When asked how many times that’s happened, he couldn’t say the exact number, but replied, “One is too many.”

nursing students take a photo with a t-rex on the lawn outside the legislative building during NCNA's advocacy day
The NC Nursing Association brought a visual for their message that the state’s nursing law restrictions are as archaic as the T-rex. Photo credit: Taylor Knopf

“To make health care accessible, it has to be affordable and available,” he said. “So if we are not doing anything as a state to make health more available while we try to make it more affordable, then we aren’t really increasing access.”

SAVE Act bill sponsor Sen. Ralph Hise (R-Spruce Pine) told the nursing students gathered on the Halifax Mall lawn outside the legislative building that they are the future of health care in the state.

“The number of doctors is not growing in North Carolina, but our population is growing and aging and their health care needs are growing,” Hise said. “The only answer to that call in the state of North Carolina is nurses.”

He said there’s is no profession that does more to take individuals living in poverty, with “difficult backgrounds” and move them into the middle class than nursing.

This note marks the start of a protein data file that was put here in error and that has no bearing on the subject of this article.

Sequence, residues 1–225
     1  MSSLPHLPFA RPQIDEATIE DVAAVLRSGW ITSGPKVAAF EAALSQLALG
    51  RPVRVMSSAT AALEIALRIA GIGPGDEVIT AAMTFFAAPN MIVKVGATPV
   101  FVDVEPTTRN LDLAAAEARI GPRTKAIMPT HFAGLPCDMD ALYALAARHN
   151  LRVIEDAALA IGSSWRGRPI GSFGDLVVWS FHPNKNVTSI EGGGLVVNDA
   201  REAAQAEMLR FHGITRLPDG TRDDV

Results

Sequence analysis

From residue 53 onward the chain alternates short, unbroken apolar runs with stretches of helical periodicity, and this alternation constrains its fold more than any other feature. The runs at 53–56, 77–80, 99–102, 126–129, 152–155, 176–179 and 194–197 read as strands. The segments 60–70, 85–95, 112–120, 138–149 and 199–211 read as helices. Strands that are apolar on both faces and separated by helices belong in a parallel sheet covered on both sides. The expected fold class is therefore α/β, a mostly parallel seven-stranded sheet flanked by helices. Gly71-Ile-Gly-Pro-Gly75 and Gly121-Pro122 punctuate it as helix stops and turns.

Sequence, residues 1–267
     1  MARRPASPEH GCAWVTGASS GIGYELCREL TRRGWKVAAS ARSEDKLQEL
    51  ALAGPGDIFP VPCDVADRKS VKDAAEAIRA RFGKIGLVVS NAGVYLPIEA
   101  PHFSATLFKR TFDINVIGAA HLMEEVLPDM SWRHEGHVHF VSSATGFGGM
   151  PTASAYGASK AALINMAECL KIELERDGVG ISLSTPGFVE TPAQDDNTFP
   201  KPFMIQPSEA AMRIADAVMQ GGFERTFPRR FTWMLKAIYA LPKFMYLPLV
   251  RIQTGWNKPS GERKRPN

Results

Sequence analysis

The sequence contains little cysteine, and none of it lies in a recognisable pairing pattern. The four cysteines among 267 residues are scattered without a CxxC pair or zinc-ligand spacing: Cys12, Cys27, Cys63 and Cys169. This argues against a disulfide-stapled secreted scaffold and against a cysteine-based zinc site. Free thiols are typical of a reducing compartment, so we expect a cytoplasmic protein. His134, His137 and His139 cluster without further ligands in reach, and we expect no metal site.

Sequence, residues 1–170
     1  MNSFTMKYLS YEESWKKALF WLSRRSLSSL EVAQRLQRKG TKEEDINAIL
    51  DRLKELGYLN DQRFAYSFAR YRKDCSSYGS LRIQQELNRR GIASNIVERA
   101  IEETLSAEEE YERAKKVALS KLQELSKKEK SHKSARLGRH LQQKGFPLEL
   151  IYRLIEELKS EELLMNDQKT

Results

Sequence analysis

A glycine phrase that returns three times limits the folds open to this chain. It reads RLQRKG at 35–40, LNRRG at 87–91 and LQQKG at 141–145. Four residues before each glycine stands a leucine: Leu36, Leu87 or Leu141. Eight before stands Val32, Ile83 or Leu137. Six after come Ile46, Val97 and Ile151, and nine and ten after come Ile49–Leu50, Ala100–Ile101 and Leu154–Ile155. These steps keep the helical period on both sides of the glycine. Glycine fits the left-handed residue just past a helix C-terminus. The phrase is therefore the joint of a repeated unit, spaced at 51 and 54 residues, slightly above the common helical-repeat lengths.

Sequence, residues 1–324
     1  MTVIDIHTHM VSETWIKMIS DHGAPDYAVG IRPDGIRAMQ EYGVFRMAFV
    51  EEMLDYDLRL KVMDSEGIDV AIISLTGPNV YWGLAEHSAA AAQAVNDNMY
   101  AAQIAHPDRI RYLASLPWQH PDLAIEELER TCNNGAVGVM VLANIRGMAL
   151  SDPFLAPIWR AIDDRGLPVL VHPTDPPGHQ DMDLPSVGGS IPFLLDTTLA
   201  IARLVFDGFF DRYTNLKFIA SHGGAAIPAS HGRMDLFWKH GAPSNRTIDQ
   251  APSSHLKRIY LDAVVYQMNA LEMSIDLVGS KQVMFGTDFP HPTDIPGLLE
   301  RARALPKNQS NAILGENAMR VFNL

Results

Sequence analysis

“Our economy is dependent on that growth. It’s time to change that dynamic with things like the SAVE Act and allow nurses to open their own practice within their scope of practice.”

Creative Commons License

Republish our articles for free, online or in print, under a Creative Commons license.

Taylor Knopf

Taylor Knopf writes about mental health, including addiction and harm reduction. She lives in Raleigh and previously wrote for The News & Observer. Knopf has a bachelor's degree in sociology with a...

2 replies on “Nursing students ready to go to rural NC, but need more autonomy”

  1. Nurse practitioners have an essential place in our health system, but they do not have the equivalent of “med school light”. I work with every specialty and people of all degrees every day. There is a clear difference in knowledge and training. NPs actually need more supervision, not less.